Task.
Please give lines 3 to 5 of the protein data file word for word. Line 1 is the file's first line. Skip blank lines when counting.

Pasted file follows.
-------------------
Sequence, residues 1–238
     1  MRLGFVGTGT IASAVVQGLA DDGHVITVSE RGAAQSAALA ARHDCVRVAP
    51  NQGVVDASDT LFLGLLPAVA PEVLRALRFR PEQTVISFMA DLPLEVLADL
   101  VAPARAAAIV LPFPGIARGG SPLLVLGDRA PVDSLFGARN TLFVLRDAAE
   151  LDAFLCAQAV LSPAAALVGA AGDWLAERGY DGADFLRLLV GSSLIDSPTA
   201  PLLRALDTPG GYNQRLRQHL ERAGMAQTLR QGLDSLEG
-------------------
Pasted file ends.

    51  NQGVVDASDT LFLGLLPAVA PEVLRALRFR PEQTVISFMA DLPLEVLADL
   101  VAPARAAAIV LPFPGIARGG SPLLVLGDRA PVDSLFGARN TLFVLRDAAE
   151  LDAFLCAQAV LSPAAALVGA AGDWLAERGY DGADFLRLLV GSSLIDSPTA